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Infrastructure-as-a-service "skyrocketing" but on-premises still strong: Telsyte

Nermin Bajric | June 17, 2014
While the Australian public Cloud infrastructure services market is tipped to reach $650 million by 2018, it will not mark the end for on-premises IT as more organisations consider or implement private Clouds.

While the Australian public Cloud infrastructure services market is tipped to reach $650 million by 2018, it will not mark the end for on-premises IT as more organisations consider or implement private Clouds.

That is according to analyst firm, Telsyte, which currently values the local infrastructure-as-a-service (IaaS) market at $305m for 2014, claiming it is "skyrocketing"; it said the number of enterprises using IaaS in 2013 was double that of 2012.

Based on its Australian Infrastructure and Cloud Computing Market Study 2014, Telsyte said chief information officers (CIOs) are moving workloads to public providers depending on the type and strategic importance to the organisation.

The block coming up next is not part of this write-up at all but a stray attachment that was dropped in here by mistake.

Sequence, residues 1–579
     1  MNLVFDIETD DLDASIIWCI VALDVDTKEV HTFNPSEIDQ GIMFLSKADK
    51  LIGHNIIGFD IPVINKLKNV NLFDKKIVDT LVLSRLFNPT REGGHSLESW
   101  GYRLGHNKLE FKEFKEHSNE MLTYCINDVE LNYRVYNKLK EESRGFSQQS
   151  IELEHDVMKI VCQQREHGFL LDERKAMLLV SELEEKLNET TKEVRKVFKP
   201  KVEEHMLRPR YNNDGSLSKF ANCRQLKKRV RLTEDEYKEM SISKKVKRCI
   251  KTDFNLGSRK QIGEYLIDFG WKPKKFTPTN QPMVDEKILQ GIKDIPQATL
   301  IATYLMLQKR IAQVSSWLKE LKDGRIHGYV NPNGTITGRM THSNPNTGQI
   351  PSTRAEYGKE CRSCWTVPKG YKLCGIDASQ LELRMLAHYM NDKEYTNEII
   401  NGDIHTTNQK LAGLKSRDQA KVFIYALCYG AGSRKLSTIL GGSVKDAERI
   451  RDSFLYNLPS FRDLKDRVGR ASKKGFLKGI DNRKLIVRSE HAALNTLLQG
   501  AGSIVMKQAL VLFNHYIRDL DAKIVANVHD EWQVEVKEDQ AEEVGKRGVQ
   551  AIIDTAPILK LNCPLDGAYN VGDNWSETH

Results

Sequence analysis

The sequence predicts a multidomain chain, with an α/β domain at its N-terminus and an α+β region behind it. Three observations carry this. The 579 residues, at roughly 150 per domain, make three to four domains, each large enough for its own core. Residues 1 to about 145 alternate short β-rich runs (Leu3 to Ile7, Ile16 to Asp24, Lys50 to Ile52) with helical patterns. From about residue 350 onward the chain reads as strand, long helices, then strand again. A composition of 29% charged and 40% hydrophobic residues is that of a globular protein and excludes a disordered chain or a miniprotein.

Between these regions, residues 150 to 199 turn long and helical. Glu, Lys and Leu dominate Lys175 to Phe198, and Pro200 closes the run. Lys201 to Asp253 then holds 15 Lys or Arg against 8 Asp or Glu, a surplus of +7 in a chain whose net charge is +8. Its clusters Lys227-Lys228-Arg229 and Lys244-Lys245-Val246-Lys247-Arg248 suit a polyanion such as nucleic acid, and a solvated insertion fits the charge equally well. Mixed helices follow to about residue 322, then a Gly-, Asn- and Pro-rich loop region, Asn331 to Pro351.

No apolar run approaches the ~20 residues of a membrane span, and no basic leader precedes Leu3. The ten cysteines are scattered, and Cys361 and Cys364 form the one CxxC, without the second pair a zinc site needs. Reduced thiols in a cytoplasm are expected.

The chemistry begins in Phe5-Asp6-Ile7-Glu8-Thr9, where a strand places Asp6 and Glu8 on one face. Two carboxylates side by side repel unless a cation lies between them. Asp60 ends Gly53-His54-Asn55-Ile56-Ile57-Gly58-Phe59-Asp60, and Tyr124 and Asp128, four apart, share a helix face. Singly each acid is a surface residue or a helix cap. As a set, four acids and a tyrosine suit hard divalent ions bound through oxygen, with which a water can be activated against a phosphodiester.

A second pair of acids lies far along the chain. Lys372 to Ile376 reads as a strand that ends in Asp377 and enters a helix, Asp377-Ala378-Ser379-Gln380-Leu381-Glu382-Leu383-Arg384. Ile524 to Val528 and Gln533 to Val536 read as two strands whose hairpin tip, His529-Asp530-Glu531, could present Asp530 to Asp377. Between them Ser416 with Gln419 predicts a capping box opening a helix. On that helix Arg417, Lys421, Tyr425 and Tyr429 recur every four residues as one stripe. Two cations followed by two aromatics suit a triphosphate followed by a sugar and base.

But as Cloud services offer a low barrier to entry for IT infrastructure and organisation penetration grows quickly, it will trigger a large gap in how on-demand and on-premises services are managed.

Simultaneously, Telsyte's research indicates a growing trend in the hybrid Cloud model which it claims will be used by about 30 per cent of enterprises in 2018.

"Many cloud investments are being done in parallel with existing on-premise infrastructure spending and as the market matures the hybrid approach will be more strategic for CIOs," Telsyte senior analyst, Rodney Gedda, said.

"The hybrid Cloud architecture, and dealing with multiple cloud service providers, both present opportunities for more automation and process improvement."

Nonetheless, Telsyte claims on-premises IT is still going strong as many organisations are using virtualisation technology to implement a Cloud architecture under their own control.

"There is now a healthy range of private Cloud management options available to organisations looking to replicate the scalability and manageability of public Clouds with their own servers," Gedda said.

 

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